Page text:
Uncut's Scores

  • Music
For 6,066 reviews, this publication has graded:
  • 51% higher than the average critic
  • 3% same as the average critic
  • 46% lower than the average critic
On average, this publication grades 2.6 points lower than other critics. (0-100 point scale)
Average Music review score: 69
Highest review score: 100 Doolittle 25
Lowest review score: 10 Let Me Introduce My Friends
Score distribution:
6,066 music reviews
    • 86 Metascore
    • 80 Critic Score
    Minimum Maximum is the sound of Kraftwerk shedding all previous skins and staking their claim on the now. [Jul 2005, p.106]
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    • 86 Metascore
    • 90 Critic Score
    Rarely since the Laurel Canyon heyday of CSNY, Jackson Browne et al, has the confessional mode been quite so unashamedly mined for artistic ore. [Jun 2013, p.68]
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    • 86 Metascore
    • 80 Critic Score
    A rather lovely record...Fully audible at last, Cox's downcast lyrics invest these hazy tunes with gripping poignancy. [Oct 2010, p.90]
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    • 86 Metascore
    • 80 Critic Score
    Funky, funny, stately, strange, soulful and sensual, Floreat is a unique and unequivocal triumph. [Oct 2011, p.83]
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    • 86 Metascore
    • 40 Critic Score
    They're diminished by trying to touch too many bases, often lapsing into sub-Oasis stodge. [Oct 2003, p.114]
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    • 86 Metascore
    • 80 Critic Score
    Feels freshly ironic and original. [Apr 2006, p.98]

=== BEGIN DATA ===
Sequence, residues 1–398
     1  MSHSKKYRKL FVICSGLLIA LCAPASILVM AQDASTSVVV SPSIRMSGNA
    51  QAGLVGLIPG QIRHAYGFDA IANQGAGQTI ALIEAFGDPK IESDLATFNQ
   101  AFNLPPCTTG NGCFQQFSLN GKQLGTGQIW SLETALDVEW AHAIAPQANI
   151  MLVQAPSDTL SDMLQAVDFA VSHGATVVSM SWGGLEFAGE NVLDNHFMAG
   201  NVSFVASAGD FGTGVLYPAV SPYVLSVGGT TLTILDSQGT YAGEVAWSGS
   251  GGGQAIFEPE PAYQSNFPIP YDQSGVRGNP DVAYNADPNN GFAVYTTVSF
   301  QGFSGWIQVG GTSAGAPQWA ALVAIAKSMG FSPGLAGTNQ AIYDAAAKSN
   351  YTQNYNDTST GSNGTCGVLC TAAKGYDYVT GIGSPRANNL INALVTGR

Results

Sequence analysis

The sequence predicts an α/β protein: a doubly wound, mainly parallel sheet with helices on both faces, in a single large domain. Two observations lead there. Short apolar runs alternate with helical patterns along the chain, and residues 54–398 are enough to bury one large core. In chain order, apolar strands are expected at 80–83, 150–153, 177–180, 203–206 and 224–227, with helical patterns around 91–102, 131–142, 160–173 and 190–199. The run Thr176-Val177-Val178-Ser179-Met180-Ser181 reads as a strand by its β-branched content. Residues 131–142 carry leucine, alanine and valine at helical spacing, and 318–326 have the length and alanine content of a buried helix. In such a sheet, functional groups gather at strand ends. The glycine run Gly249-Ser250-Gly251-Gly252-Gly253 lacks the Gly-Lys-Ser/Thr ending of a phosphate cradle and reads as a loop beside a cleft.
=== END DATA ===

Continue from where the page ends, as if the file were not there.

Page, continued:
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    • 86 Metascore
    • 80 Critic Score
    Luxury Problems is distinguished by the piercing vocals of Stott's former piano teacher, Alison Skidmore; looped, layered and heavily reverbed, they coil elegantly around Stott's brutalist constructions. [Jan 2013, p.83]
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    • 86 Metascore
    • 90 Critic Score
    The clutch of pre-album demos on LP3 of the boxset reveal how tightly plotted her vignettes were before The Breeders even entered the studio.... The post-Last Splash EPs are manna from heaven for college rock connoisseurs.... The only black mark against LSXX is that the brighter, re-recorded single versions of “Divine Hammer” and “Saints” serve to make the album originals sound a little underpowered.
    • 86 Metascore
    • 80 Critic Score
    Jaar, the son of conceptual artist Alfredo Jaar, can weave a heady spell, presenting himself somewhere between David Byrne and Ricardo Villalobos. [Jun 2011, p.85]
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    • 86 Metascore
    • 80 Critic Score
    Commissioned by Nike as an exercise mix for iPods, this euphoric, largely electronic set finds Murphy adapting DJ dynamics for the running machine.
    • 86 Metascore
    • 100 Critic Score
    What's in here finds the band inventive, unfailingly tuneful, and, rather belying the title, mellowing magnificently with age. [Aug 2009, p.87]
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    • 86 Metascore
    • 100 Critic Score
    It's like the best music of the '70s compressed under '80s new wave dynamics. [Feb 2005, p.74]
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    • 86 Metascore
    • 80 Critic Score
    A 25-track bonus disc of rarities makes this a feast for Barlow heads. [May 2011, p.94]
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    • 86 Metascore
    • 100 Critic Score
    There is an unassuming brilliance to much that they do and, as ever, We Used To Think The Freeway Sounded Like A River is a-bristle with finely-tooled detai.
    • 86 Metascore
    • 70 Critic Score
    Sheff's novelistic lyrics and the dextrous blend of country, folk and nervy indie-rock suggest a band approaching the peak of their powers. [Aug 2005, p.87]